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Sunday, 23 October 2016

Betty Bennett (born October 23, 1921) is an American jazz singer. 
Betty Bennett was born 23 October 1921 in Lincoln, Nebraska. As a child, she hoped to become an opera singer, studying voice and piano while attending Drake University, Iowa. Her direction was changed when, by way of records, her mother introduced her to the music of Duke Ellington and Count Basie. Loving what she heard of these jazz musicians, Betty quickly became proficient in jazz singing, displaying a natural talent for the form. 

Betty left Hamburg, Iowa, for New York in 1941, determined to become a big band singer. After serving as a WAVE (Women Accepted for Volunteer Emergency Service) in World War II, Betty's dream came true. 

While still very young, she joined Georgie Auld’s band in 1943 and then in quick succession spent time in the late swing era big bands led by Claude Thornhill in 1946, the band in which her husband, bassist Iggy Shevak was playing. Shortly after her husband left to join Alvino Rey, Bennett followed him there. 

In 1949, she joined Charlie Ventura's band. The Ventura band bore the promo tag ‘Bop for the People’ and Betty’s contemporary vocal styling was a perfect fit. More than her contemporaries, Betty bridged swing and bop. She was also briefly with Stan Kenton and Woody Herman.

Apart from airshots, Betty’s recording career got underway with 1949-1951 sessions by the Ventura band, including performances of Yankee Clipper, Too Marvelous For Words and I Can’t Get You Out Of My Mind. Betty’s experiences in these years are entertainingly recounted in her autobiography, The Ladies Who Sing With The Band, which was published by Scarecrow Press in 2000. 

                Here's "Sidewalks of Cuba" from above album.

Betty recorded her first own-name album for Trend in 1953. Two years later in 1955, she recorded “Nobody Else But Me” for Atlantic Records accompanied by a band led by André Previn, whom she had married in 1952. In the band were Shorty Rogers, who with Previn also wrote the charts, Frank Rosolino, Bob Cooper, Jimmy Giuffre, Barney Kessell and Shelly Manne.  

Betty had two daughters with Andre Previn; Claudia and Alicia. Previn divorced Bennett in 1957, a few months before she gave birth to their second daughter. In 1958 Betty resumed her singing career with Benny Goodman after which she semi-retired. In 1963 she moved to London where she worked as resident singer at Ronnie Scott’s Club from 1964 to 1966. She moved back to LA in 1967 working as a  secretary-researcher for a TV producer.  

In addition to jazz club dates, Betty had begun appearing on the jazz festival circuit and in 1975 she celebrated a new personal relationship when she and Mundell Lowe were married at a ceremony held at the Monterey Jazz Festival. By the late '80s she was touring Europe with Lowe, and was a featured performer for opening night of Wolsey's club in London. 

Separately and together, over the years Betty Bennett and Mundell Lowe have made significant contributions to jazz that are always lithely swinging. Betty’s singing, lyrically profound and musically adventurous, and Mundy’s elegant and deceptively sparse exploration of the often overlooked subtleties of many compositions, have allowed them to create memorable interpretations of standards from the repertoire of both jazz and popular song.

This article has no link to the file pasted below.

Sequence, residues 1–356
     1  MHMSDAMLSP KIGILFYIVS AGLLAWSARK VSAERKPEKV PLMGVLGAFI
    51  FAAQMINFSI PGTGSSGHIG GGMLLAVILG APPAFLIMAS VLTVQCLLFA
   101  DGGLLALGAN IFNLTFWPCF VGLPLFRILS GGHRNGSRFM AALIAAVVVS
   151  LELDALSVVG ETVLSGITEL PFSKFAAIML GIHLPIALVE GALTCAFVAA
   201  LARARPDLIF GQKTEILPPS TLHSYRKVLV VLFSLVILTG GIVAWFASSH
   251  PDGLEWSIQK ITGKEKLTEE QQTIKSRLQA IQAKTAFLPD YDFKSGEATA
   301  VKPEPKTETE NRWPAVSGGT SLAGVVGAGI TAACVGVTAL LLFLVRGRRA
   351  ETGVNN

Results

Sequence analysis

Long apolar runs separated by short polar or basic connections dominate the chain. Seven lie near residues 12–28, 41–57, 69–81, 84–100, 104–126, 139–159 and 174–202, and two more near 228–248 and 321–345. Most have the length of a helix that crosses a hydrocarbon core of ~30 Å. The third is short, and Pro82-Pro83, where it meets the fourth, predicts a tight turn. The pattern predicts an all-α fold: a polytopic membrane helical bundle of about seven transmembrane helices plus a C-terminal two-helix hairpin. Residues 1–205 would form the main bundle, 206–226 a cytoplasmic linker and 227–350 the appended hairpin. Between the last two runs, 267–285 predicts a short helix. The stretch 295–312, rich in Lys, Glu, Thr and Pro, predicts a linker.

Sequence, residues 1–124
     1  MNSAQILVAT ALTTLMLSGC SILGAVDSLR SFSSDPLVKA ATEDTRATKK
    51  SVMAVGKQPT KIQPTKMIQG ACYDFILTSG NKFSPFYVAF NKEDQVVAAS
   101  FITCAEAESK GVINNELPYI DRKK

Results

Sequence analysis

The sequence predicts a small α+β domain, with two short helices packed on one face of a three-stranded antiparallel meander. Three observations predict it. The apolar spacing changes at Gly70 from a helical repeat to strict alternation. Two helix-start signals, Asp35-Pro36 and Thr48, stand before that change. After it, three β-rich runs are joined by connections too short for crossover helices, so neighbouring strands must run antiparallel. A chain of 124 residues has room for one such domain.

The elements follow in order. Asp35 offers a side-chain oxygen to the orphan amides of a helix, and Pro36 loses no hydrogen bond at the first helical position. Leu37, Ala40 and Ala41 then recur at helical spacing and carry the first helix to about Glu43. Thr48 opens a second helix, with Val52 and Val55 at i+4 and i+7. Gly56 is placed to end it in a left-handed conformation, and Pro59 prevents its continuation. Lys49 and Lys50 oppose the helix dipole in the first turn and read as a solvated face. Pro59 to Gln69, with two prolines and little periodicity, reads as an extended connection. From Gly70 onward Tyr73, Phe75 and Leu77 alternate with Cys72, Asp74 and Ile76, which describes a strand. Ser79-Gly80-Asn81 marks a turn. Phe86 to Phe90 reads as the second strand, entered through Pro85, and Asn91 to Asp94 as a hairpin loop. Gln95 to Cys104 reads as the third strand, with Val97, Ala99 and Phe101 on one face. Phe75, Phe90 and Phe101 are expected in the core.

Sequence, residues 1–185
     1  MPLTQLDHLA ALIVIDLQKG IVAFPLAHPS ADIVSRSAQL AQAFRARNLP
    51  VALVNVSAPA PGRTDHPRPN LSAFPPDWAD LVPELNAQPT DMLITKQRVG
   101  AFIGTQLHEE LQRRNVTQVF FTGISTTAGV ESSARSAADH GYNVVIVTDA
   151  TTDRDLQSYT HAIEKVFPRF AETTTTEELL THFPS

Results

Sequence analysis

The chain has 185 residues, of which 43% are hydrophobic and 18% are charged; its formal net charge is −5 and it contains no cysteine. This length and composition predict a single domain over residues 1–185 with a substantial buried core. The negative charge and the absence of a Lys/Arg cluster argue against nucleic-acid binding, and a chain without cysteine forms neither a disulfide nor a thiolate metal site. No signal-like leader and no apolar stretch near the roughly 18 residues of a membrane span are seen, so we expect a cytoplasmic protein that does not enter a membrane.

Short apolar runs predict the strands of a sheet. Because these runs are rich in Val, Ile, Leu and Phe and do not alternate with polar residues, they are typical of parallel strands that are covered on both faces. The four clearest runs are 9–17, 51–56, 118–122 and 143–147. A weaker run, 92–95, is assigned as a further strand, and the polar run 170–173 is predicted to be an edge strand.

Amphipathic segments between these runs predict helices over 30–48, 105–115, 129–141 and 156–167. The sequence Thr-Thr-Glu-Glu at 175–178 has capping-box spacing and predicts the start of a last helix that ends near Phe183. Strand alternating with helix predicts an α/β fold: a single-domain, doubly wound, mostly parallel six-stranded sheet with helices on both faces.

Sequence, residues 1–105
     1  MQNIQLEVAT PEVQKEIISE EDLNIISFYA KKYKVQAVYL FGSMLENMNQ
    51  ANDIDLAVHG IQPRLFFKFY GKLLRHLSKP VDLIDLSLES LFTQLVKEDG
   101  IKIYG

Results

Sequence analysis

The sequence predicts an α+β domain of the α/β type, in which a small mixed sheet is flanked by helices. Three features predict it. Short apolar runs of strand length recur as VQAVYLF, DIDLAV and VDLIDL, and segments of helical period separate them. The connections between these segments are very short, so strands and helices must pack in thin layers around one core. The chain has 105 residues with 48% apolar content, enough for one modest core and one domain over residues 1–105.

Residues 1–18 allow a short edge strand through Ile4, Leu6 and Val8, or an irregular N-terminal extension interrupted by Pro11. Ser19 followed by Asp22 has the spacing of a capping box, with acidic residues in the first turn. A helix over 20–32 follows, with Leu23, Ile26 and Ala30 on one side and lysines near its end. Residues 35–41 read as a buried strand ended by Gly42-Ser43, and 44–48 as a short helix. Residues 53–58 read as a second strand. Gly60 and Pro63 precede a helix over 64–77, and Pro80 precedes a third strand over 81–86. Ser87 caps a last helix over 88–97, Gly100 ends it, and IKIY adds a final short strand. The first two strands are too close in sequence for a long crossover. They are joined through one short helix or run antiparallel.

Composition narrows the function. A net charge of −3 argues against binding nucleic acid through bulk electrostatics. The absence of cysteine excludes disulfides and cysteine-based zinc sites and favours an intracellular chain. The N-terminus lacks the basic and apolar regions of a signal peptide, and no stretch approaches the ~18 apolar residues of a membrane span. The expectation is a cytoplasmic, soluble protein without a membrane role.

Betty’s extensive collection of photographs and other memorabilia is now with Rutgers University’s Institute of Jazz Studies, although most of the photos seen here are from Marc Myers’ JazzWax website. 

(Info edited from various sources, mainly from an article by Editor Bruce @

Saturday, 22 October 2016

Dory Previn born 22 October 1925

Dory Previn (October 22, 1925 – February 14, 2012) was an American lyricist, singer-songwriter and poet.
She was born Dorothy Veronica Langan at Rahway, New Jersey, on October 22 1925, the daughter of an Irish Catholic labourer. She once said: “I was raised with fear of God, guilt over Jesus and terror of the Devil,” adding that when she went to confession as a child, if she could not think of any sins to confess she would make some up.
Her father was unstable, and is said once to have held the family at gunpoint having boarded up their home. He also loved music and forced his daughter to take singing and dancing lessons. Though his talents were little to boast about, she was performing at local nightclubs by the age of 11.
After finishing high school, Dory went to the American Academy of Dramatic Arts in New York, which she had to leave after only a year because she was unable to pay her way. Instead she worked as a chorus girl around the clubs in Manhattan . She appeared in the musical comedy Top Banana, with Phil Silvers, but was sacked; with time on her hands she tried writing short stories and lyrics for songs.
In the mid-1950s she was back singing on the club circuit, performing popular songs to which she had added her own verses. When in 1959 examples of her lyrics reached Arthur Freed, the producer of An American in Paris and Singin’ in the Rain, he hired her as a junior writer at MGM.
Her first brief was to write the lyrics for The Subterraneans (1960), a picture based on the novel by Jack Kerouac. The film was about San Francisco’s beat colony, and featured a number of jazz composers, among them André Previn, who was also head of

MGM’s musical department. Dory and Previn married in November 1959.
When Dory Previn’s contract expired after six months, MGM did not renew it. But by now she and her husband were collaborating on theme and title songs for films made by other studios. They were nominated for Academy Awards for their songs A Faraway Part of Town, from the film Pepe (1960), and Second Chance, from Two For the Seesaw (1962). Her lyrics also accompanied Previn’s songs for Irma La Douce (1963), Goodbye Charlie (1964) and Inside Daisy Clover (1966), among other movies.